Sings & Strings: This year’s musicians fest expands to benefit 9-year-old with cancer
GARYVILLE — Sings & Strings Jam Fest transforms Garyville’s historic buildings into sites of camaraderie where musicians ages 5 to 95 gather, instruments in hand, to learn from each other without fear of judgment.
The festival has jubilantly celebrated music, the arts and historic preservation of the Garyville Timbermill Museum since 2014, and organizer Peyton Falgoust said Sings & Strings has an expanding focus on community goodwill.
This year’s Sings & Strings Jam Fest will be held from 11 a.m. to 8 p.m. April 7 on the grounds of the Timbermill Museum and surrounding historic structures, and 100 percent of proceeds from a lunchtime cook-off will be donated to a local child’s battle against cancer.
Maddox Louque, 9, of Lutcher was diagnosed with kidney cancer in 2016 when doctors identified a stage 4 Wilms tumor. Maddox endured chemotherapy and radiation for 20 months of remission before his cancer returned in 2018.
Looking at Maddox, Falgoust is reminded of his young nephews. He sees Sings & Strings as an ideal outlet to help an innocent community member in need.
“This is our sixth year, and Sings & Strings is growing every year and becoming more of a platform for us to help someone in the community in need,” Falgoust said. “We have this platform that brings people together, and we want to utilize that to help other people in the area, not just the museum. This is a good step in that direction.”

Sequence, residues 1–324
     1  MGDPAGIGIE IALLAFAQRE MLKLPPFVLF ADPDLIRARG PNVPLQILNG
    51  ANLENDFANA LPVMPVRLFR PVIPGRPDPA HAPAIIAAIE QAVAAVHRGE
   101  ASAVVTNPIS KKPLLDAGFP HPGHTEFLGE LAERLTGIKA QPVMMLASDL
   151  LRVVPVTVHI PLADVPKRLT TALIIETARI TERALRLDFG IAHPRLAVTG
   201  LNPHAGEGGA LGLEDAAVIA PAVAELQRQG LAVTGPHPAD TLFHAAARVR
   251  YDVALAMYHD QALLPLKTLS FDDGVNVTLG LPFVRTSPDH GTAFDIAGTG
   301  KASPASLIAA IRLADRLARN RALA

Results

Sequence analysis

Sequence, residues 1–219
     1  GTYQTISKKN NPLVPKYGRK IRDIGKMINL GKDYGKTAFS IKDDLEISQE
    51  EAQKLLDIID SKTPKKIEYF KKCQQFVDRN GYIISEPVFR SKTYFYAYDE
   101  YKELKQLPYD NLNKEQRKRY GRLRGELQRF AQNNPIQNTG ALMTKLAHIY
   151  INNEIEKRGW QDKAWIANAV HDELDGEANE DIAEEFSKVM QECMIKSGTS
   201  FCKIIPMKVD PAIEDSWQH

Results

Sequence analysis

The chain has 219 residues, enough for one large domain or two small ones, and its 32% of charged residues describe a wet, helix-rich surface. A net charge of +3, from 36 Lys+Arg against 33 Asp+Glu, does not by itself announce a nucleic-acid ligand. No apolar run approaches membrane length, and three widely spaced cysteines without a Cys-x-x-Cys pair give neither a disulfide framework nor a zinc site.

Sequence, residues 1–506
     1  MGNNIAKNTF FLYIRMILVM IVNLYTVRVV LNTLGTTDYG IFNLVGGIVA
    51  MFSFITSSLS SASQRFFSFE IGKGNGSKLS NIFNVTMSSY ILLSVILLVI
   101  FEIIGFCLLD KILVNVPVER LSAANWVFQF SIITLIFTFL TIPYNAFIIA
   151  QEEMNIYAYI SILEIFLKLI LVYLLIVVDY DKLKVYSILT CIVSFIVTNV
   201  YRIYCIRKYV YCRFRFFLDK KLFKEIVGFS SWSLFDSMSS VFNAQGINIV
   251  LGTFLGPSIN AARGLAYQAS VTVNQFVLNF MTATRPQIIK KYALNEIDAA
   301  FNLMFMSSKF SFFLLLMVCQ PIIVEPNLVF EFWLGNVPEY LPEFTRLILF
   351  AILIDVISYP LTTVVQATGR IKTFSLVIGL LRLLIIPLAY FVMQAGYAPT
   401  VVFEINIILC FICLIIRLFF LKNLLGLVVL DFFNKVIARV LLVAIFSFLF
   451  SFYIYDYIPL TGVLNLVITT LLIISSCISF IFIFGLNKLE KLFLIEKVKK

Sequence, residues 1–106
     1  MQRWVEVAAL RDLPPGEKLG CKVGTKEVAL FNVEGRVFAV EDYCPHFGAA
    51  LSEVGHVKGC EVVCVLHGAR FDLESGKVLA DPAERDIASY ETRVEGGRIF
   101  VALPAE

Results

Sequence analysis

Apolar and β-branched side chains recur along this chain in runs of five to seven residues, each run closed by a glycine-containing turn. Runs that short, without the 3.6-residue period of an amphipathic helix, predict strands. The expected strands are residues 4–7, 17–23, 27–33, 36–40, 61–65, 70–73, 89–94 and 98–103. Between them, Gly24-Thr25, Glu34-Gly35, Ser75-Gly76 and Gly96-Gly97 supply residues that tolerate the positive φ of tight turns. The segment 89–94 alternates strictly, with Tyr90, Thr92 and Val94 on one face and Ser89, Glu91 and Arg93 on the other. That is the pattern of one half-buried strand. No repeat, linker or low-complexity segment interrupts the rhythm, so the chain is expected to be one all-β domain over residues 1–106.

Sings & Strings attendees can support Maddox by purchasing $10 entrée samplers or $6 single bowls during the cook-off from 10:30 a.m. to 1 p.m. April 7.
Organizer Tiffanie Poche said there’s no fee to enter the competition, which features awards for soup, appetizer and gumbo; seafood and meat categories. Food must be prepared the day of the event, and set up can start as early as 6 a.m.
To register for the cook-off, call Poche at 225-290-3660 or April St. Pierre at 225-313-5954.
Sings & Strings also features a 5K run, numerous craft vendors and open jam areas with music of all genres, from bluegrass to bands that rock the LSU college scene in Tigerland.
General admission to Sings & Strings is $5, while children under 12 and musicians get in free. Musicians also have access to a hospitality room with refreshments.
Sings & Strings has attracted hundreds of musicians locally and from out-of-state, and Falgoust said it’s a learning experience for all ages and experience levels.
“There are people that might only know a few chords,” Falgoust said. “I don’t want anybody to feel out of place or intimidated. It’s one of the most welcoming music environments I’ve ever been a part of. Nobody is ever an odd man out.”
Interested musicians may walk in or contact Falgoust in advance at 985-233-0168.
Falgoust’s mother, Donna Falgoust, said her son’s passion for music has driven the development of Sings & Strings.
“Peyton loves to share that passion with children to help them realize you can love what you love, and you can do great things with it if you have a passion,” Donna Falgoust said. “Not a lot of people have a passion. A lot of people like a lot of things, but Peyton has a true passion for spreading music.”
She said that passion extends to the Garyville Timbermill Museum, which has received more than $60,000 in insurance and structural and aesthetic renovations from nonprofit Sings & Strings proceeds since 2014.
According to Falgoust, the next steps are to replace beams on the Western wall, replace the fence surrounding the property, revamp surrounding landscaping and construct a parking lot.
Sponsorship opportunities are always available. For more information, call 504-416-6060 or message the Sings & Strings Jam Fest Facebook page.
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